It’s counter-intuitive. Independent agents are in the business of providing personalized service, often going above and beyond to accommodate the most demanding clients. With the cost of acquiring a new client estimated to be up to nine times more than retaining one, why cut one loose? And if you do decide to end the relationship, how do you go about it in an ethical, professional manner?

The reasons to terminate a client relationship will vary, but they generally fall into one of two categories:

#1 – Return on investment. If it is costing you more to have the client, than not, it comes down to a business decision. Overhead aside, your costs include time spent quoting (and requoting when they decide they are paying too much), time and effort servicing the account, and the opportunity costs of where else you could be spending that time. Additional consideration may be given to claims history, payment history, and non-renewals by insurance companies.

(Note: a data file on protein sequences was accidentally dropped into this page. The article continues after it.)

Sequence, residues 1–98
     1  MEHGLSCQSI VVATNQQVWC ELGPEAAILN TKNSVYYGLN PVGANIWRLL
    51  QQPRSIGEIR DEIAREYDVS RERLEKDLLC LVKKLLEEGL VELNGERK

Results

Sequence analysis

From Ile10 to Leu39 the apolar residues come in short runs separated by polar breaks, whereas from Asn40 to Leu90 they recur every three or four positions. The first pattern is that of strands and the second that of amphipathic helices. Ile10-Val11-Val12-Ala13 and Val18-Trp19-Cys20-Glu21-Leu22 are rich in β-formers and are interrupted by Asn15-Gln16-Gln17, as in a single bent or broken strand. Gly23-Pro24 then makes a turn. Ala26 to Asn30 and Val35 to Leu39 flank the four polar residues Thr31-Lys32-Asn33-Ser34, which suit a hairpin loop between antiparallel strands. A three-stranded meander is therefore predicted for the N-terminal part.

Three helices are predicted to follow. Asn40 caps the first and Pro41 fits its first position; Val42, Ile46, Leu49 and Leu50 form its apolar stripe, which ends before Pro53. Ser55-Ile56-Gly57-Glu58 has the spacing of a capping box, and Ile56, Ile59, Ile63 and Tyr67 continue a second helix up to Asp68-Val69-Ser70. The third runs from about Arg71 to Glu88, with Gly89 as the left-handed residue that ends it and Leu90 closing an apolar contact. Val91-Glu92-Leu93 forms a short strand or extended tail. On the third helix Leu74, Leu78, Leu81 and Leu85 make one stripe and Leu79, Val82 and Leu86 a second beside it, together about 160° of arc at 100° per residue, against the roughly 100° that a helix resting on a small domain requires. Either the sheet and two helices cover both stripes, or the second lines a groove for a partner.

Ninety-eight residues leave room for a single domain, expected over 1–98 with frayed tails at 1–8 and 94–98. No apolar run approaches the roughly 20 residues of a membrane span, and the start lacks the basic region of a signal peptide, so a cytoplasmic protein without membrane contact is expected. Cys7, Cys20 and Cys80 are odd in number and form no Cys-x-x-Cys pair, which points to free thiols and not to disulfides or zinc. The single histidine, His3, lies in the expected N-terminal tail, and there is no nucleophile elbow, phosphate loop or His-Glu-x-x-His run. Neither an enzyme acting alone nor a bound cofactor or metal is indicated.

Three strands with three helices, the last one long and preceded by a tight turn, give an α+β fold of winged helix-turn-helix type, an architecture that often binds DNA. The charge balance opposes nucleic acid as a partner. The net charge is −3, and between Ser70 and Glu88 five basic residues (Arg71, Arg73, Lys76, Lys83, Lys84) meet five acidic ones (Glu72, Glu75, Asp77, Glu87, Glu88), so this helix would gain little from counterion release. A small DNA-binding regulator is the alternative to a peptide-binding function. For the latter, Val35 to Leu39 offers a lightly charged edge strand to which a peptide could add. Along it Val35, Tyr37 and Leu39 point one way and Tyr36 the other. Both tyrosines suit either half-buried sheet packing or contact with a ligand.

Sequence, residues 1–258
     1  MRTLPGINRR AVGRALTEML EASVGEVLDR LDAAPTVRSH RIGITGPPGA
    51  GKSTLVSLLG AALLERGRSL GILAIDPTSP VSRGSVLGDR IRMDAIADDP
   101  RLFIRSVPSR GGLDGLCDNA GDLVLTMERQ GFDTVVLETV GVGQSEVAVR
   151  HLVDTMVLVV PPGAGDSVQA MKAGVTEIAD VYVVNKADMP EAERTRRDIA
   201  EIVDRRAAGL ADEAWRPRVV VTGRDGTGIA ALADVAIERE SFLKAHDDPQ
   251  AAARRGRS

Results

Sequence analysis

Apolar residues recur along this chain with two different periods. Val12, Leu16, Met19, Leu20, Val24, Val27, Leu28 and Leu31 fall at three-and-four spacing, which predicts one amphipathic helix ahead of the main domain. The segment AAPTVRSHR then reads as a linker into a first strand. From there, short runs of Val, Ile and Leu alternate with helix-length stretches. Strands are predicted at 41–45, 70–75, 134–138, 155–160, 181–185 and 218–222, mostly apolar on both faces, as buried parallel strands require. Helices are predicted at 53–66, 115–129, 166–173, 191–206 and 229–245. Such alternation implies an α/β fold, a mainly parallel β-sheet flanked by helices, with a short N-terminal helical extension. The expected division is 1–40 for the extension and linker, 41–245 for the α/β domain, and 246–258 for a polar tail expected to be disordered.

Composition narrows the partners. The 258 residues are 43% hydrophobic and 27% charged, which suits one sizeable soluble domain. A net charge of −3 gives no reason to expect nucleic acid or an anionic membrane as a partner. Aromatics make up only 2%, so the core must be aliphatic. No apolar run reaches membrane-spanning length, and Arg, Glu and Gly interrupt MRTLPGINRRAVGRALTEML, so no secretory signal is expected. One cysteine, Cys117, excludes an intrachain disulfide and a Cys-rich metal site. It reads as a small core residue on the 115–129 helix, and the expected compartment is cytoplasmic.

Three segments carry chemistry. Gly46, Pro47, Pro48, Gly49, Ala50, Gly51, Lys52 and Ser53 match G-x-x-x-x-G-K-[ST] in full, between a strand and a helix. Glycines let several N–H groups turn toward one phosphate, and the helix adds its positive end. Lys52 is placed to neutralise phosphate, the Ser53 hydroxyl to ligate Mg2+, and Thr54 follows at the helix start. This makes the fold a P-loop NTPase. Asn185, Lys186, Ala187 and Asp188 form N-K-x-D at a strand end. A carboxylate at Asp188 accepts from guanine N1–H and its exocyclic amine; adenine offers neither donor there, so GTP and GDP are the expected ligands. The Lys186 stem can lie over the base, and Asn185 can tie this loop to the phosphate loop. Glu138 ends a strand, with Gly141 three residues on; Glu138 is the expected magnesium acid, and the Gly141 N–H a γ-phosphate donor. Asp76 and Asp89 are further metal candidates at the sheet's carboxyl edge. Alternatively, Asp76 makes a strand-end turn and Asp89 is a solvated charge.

#2 – Your client is a horrible client. This doesn’t mean they are a bit prickly, or you don’t care for their politics. This client is the one who consistently insists on the wrong type or amount of coverage or forgets to mention they have 3 pit-bulls or needs insurance on their new RV at 5 pm on a Friday night so they can go on a road trip. They are the clients who will never be happy with your service.

Do it right. Typically, the best approach is to send a letter well in advance of renewal stating that it is in everyone’s best interest for them to seek an alternative insurance agency. Make them aware they can often continue with the same carrier with a different agent. As the agent, it is your responsibility to conduct the process in a manner that is neither discriminatory or unfair, and does not leave you open to a lawsuit down the road.

  • Check with your state’s insurance board to make sure you are complying with all laws and guidelines.
  • Start the process early and document everything. Seek legal advice if needed.
  • Ask the insurance company writing the policy for guidance.

With luck, and maybe some good pre-screening practices, firing a client should be something you do very infrequently. Above all else, keep emotion out of the equation when assessing if you should – and when you do – ask someone to move on.